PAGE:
Amazing benefits and uses of hemp

Patrick Cullen

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Hemp, typically found in the northern hemisphere is one of the fastest growing plants and one of the first to be spun into usable fiber. It is can be refined into a large variety of items including but not limited to food, clothing, paper, textiles, biofuel, biodegradable plastics and paints. Cannabis as a drug and hemp derive from the species Cannabis sativa, and therefore contain the psychoactive component tetrahydrocannabinol, also known as THC. Hemp has low concentrations of THC and high concentrations of cannabidiol (CBD), which decreases or eradicates its psychoactive effects. CBD has been used medicinally for epilepsy treatment or alleviating pain from multiple sclerosis or rheumatoid arthritis.

Growth Characteristics

On an annual basis, 1 acre of hemp will produce as much fiber as 2 to 3 acres of cotton. Hemp fiber is stronger and softer than cotton, lasts longer than cotton, and will not mildew. Cotton grows only in moderate climates and requires more water than hemp; but hemp is frost tolerant, requires only moderate amounts of water. Cotton requires large quantities of pesticides and herbicides--50% of the world's pesticides/herbicides are used in the production of cotton. Hemp requires no pesticides, no herbicides, and only moderate amounts of fertilizer. On an annual basis, 1 acre of hemp will produce as much paper as 2 to 4 acres of trees. From tissue paper to cardboard, all types of paper products can be produced from hemp. The quality of hemp paper is superior to tree-based paper. Hemp paper will last hundreds of years without degrading, can be recycled many more times than tree-based paper, and requires less toxic chemicals in the manufacturing process than does paper made from trees.

It takes years for trees to grow until they can be harvested for paper or wood, but hemp is ready for harvesting only 120 days after it is planted. Hemp can grow on most land suitable for farming, while forests and tree farms require large tracts of land available in few locations. Harvesting hemp rather than trees would also eliminate erosion due to logging, thereby reducing topsoil loss and water pollution caused by soil runoff. Various strains of hemp plant are grown for suitability with diverse environments, as well as various goods. Hemp used for fiber industrial use is typically grown with tall fibrous stalks, whereas hemp grown for food consumption is grown with much smaller stalks.


Hemp seeds can be eaten raw, ground, and sprinkled on everything you can imagine, and possess a slight nutty flavor. The leaves can also be consumed raw in salads. Hemp can also be made into a powder or a liquid and used for baking or beverages such as hemp milk, tea and smoothies. Hemp seed can also be ground into a nutritious flour that can be used to produce baked goods such as pasta, cookies, and breads. Hempseed oil is cold pressed from seeds and is high in unsaturated fatty acids and can also be used in a variety of sauces and salads, or as a topical ointment for example. Hemp seeds provide large amounts of protein, and high amounts of fiber. Essential amino acids are provided through omega 3, 6 and 9 which are essential fatty acids. They are rich in B vitamins and minerals such as manganese, phosphorus, magnesium, zinc, iron and dietary fiber.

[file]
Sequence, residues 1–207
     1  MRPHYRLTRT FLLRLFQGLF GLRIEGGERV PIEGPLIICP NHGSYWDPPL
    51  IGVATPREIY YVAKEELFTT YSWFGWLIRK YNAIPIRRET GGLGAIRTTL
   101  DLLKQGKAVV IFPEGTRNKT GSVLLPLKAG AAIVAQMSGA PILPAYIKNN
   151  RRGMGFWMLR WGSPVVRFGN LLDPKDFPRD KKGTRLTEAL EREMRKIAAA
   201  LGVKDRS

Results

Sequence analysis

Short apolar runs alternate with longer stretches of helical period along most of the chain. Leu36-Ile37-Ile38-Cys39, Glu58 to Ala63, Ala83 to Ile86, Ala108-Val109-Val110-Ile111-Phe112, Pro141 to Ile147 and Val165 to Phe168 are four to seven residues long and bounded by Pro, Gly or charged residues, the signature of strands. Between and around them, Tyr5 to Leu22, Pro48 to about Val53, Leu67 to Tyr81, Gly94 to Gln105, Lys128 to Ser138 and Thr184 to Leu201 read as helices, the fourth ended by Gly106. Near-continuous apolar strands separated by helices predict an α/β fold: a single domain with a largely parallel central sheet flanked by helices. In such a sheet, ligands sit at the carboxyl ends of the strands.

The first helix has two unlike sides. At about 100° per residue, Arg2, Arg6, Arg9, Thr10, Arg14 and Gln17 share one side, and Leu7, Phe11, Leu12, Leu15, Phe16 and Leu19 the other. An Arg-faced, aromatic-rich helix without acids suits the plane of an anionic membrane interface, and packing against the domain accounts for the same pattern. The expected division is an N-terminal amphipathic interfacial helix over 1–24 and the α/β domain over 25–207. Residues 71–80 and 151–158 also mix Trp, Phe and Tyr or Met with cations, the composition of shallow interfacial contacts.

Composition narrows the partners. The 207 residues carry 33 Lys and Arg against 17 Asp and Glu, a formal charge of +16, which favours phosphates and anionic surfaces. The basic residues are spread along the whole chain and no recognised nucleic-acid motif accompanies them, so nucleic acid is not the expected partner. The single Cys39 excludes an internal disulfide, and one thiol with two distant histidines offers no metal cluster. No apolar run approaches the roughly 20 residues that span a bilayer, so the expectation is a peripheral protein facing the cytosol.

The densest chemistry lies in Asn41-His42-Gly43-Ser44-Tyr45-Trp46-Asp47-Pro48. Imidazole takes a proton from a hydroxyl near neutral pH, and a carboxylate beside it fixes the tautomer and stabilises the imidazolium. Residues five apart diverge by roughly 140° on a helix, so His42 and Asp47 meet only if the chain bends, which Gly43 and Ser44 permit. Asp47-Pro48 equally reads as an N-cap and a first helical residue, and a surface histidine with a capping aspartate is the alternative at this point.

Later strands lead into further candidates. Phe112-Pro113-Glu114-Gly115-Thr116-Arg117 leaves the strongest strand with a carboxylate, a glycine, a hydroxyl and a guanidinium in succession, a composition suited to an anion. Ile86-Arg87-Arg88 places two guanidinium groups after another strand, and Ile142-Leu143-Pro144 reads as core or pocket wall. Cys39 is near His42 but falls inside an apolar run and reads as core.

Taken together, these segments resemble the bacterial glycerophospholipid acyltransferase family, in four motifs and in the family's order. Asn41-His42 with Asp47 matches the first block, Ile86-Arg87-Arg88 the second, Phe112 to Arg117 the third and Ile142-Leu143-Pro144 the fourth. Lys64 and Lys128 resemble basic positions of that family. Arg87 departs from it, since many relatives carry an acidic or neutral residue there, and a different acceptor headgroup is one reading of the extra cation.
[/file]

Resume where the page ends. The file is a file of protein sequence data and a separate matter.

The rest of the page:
Hemp fiber can be used to make fabrics and textiles ranging from rope and historically sail canvas with the word deriving from cannabis. Pure hemp has a texture akin to linen but generally hemp is combined with wool or cotton in the current industrial clothing production. Hemp jewelry is made by knotting hemp twine and including bracelets, necklaces, and watches to name a few.


Blocks similar to concrete can be created by hemp and lime and have been used for construction purposes, also known as “hempcrete”. They are used as an insulating material, and are extremely strong and durable and have been shown to replace wood for many jobs creating durable homes. The silica leached from the soil by the plant combined with unslaked lime forms a chemical bond similar to cement which is fire and water proof.  It has also been used for panels and internal plastering due to its insulative qualities. The Australian company Mirreco are redefining sustainable development by 3D printing hempcrete panels and providing concepts for hemp homes.


Water and soil purification can be attained by using hemp as a mop crop to clear wastewater of impurities such as sewage, excessive phosphorus and other unwanted chemicals. Hemp is being used in Chernobyl, the site of the traumatic nuclear disaster in 1986 for decontaminating soil from toxins and nuclear radiation.


Biodiesel is typically produced from cereals, coconuts, palm seeds and byproduct raw materials such as household or industrial waste but it can also be made from the oils in hemp seeds and stalks. The whole plant can be fermented to produce alcohol fuel such as ethanol. The diesel engine invented by Rudolf Diesel in 1892 was intended to power on a diversity of fuels including vegetable and seed oils and if the hemp oil is filtered it can be directly used to power these engines. Because hemp produces more biomass than any plant species (including corn) that can be grown in a wide range of climates and locations, hemp has great potential to become a major source of ethanol fuel. Fuel can be a by-product of hemp cultivation. One fuel would be biodiesel because of the oils in the seeds and stalk of the hemp, another would be biofuel from the fibrous stalks.



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